1929 Rolls-Royce 20/25 HP Enclosed Limousine by BarkerSOLD
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Estimate: £25000 - £35000

Sold: £20,000

Registration Number: GC 2343 Chassis Number: GGP9

The Rolls-Royce 20/25, built between 1929 and 1936, succeeded the 20hp as Rolls-Royce‘s "small car". It was intended to appeal to owner drivers but many were sold to customers with chauffeurs. The in-line 6 cylinder overhead valve engine was similar to that used in the 20HP but was enlarged to 3699cc by increasing the bore from 76 mm to 82 mm with the stroke remaining at 114mm. A single Rolls-Royce carburettor was used and both coil and magneto ignition were fitted. The four speed gearbox was mounted in unit with the engine and a traditional right hand change used. Synchromesh was fitted to third and top gears from 1932. The substantial chassis had rigid front and rear axles suspended by half elliptic springs with braking on all four wheels assisted by a mechanical servo. Separate rear brakes were fitted for the handbrake. The famous Rolls-Royce radiator with triangular top was used with vertical louvers, the angle of which could be adjusted to control engine cooling. To begin with, the radiator shutters were operated manually via a lever on the dash but later cars were fitted with automatic control via a thermostat. The larger engine allowed the top speed to increase to 75mph but many owners had large limousine bodies fitted to the chassis with the predictable degradation of performance. Rolls-Royce‘s solution was to increase the comparatively small six cylinder engine‘s capacity from just over three litres to 3,699cc which, together with a stronger crankshaft allowing increased rpm, raised its output to 25hp.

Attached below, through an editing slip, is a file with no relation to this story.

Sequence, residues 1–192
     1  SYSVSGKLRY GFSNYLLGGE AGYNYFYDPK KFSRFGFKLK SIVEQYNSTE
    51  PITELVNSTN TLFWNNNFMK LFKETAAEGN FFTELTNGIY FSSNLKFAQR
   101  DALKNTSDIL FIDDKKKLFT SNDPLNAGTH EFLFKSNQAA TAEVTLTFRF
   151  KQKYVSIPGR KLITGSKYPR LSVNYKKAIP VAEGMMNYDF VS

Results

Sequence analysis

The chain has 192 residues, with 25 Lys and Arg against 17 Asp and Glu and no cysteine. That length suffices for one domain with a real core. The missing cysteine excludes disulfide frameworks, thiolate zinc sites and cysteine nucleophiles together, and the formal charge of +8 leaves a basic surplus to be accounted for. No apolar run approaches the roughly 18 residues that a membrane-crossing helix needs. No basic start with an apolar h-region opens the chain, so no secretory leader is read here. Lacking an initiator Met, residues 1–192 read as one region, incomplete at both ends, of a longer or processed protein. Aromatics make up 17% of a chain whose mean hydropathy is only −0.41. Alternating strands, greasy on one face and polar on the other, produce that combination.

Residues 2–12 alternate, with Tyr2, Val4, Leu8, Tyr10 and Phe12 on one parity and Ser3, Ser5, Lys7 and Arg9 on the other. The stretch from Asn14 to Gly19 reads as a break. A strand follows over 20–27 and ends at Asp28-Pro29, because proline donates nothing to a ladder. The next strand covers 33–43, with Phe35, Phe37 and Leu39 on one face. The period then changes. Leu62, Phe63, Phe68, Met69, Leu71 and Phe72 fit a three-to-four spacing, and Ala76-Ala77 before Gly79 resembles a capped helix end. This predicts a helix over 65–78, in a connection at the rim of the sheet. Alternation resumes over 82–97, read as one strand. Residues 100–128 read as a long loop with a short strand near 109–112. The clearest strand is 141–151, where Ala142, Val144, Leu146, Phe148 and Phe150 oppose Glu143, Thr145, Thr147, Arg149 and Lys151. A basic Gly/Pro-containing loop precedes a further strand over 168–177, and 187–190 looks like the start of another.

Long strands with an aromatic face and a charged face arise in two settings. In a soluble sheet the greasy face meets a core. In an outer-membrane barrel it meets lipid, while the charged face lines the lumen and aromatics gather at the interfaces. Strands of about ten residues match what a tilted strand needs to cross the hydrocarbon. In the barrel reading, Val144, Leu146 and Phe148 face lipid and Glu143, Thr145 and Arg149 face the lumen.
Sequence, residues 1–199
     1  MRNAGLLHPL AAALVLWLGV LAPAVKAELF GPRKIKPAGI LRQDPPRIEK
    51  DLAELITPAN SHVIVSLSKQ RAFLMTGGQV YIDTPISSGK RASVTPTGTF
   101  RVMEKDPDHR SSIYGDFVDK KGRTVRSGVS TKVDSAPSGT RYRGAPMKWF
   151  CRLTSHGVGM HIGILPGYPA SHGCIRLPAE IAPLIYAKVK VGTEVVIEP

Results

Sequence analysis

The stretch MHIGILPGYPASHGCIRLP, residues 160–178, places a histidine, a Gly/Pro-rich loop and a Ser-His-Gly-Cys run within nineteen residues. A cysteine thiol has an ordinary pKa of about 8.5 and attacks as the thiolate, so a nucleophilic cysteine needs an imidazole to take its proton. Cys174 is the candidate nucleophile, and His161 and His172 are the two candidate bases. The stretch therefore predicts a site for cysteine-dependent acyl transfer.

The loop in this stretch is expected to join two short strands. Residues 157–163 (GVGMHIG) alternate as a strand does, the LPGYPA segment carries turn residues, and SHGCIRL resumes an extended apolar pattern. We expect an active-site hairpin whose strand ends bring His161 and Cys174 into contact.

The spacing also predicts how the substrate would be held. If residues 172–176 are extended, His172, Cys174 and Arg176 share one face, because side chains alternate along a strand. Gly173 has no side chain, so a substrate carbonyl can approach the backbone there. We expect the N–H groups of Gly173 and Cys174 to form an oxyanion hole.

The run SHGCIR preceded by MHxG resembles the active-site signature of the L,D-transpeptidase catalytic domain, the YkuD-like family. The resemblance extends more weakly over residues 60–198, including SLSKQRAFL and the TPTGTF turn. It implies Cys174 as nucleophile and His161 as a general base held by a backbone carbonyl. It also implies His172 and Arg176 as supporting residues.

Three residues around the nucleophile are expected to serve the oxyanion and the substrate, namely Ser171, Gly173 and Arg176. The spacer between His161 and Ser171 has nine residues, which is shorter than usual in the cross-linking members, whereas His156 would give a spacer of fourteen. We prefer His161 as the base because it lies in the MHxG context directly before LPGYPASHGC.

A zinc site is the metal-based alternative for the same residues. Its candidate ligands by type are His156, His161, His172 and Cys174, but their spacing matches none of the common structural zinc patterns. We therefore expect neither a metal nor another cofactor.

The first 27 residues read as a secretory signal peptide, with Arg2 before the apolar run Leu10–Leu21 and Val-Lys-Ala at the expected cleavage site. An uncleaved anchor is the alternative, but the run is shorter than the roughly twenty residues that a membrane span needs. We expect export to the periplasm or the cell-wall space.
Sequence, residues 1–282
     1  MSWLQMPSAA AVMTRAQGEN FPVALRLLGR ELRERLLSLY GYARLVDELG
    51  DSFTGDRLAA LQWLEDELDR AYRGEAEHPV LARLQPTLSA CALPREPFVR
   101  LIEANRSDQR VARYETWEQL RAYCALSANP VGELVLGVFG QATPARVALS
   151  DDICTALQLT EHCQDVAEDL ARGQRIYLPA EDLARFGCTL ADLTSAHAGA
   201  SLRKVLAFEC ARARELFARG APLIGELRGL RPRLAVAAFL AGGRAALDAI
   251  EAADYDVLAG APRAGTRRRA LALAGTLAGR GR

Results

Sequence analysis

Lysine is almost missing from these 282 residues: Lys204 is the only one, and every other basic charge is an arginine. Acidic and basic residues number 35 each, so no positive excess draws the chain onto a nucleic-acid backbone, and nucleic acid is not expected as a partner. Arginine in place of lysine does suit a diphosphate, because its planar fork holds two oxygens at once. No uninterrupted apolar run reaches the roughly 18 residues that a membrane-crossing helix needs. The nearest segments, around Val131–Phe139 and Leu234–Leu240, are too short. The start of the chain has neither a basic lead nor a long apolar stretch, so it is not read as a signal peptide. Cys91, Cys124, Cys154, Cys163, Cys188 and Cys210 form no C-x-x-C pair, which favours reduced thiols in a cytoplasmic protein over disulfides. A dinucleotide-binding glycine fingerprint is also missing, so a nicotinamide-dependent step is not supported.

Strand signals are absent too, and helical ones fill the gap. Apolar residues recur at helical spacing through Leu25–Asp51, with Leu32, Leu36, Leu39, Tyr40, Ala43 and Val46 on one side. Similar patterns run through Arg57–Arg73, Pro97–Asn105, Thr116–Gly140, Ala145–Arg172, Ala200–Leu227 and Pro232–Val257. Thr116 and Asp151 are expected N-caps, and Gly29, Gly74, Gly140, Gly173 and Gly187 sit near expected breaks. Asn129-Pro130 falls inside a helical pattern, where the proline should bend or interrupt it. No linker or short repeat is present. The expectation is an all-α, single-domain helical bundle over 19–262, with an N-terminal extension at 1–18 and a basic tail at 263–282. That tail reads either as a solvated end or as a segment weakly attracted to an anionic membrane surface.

As with the 20 HP, the 20/25 was warmly received and proved immensely popular, soon more than doubling sales of the big Phantom II. Various detail improvements were made to the 20/25 during its seven year production life including rises in compression ratio in 1930 and 1932. The problem of high production costs resulted in Rolls-Royce‘s first attempts to economise. In the past the purchase of parts from outside suppliers had been limited to electrical components. Even then the company had laid down strict standards of quality. In the last series of the 20/25 model, use was made for the first time of components from independent suppliers for mechanical parts. Thus the clutch was supplied by Borg & Beck and the steering box manufactured by Marles. These were clearly economy measures for Rolls-Royce. Nevertheless, the suppliers charged higher prices to Rolls-Royce than to other car manufacturers because of the short production runs involved and Rolls-Royce could not be isolated from the effects of asking suppliers for high quality standards. Originally delivered to Sir Albert Barrett in Hertfordshire, it was comprehensive appointed at the time as the build records testify. It has remained in the UK for all its life but sadly fell into disrepair. When it was discovered in the 1993 by the vendor, it was sent to Brunts, the leading Rolls-Royce restoration and service specialists of the day and comprehensively restored to its current condition. The engine has also recently been overhauled complete with a new clutch, brakes and an ail filter conversion. The clock is still present together with twin occasional seats to the rear. Courtesy lights at foot level assist passengers and a touring trunk can still be found at the back of the car. Full chassis card details accompany the car as well as early servicing records, a current registration document and an MoT test certificate valid until November 2009. This iconic car is well restored, used regularly and well priced.

Reference Number 34067

as of 11/19/2008

Car 1929 Rolls-Royce 20/25 HP Enclosed Limousine by Barker
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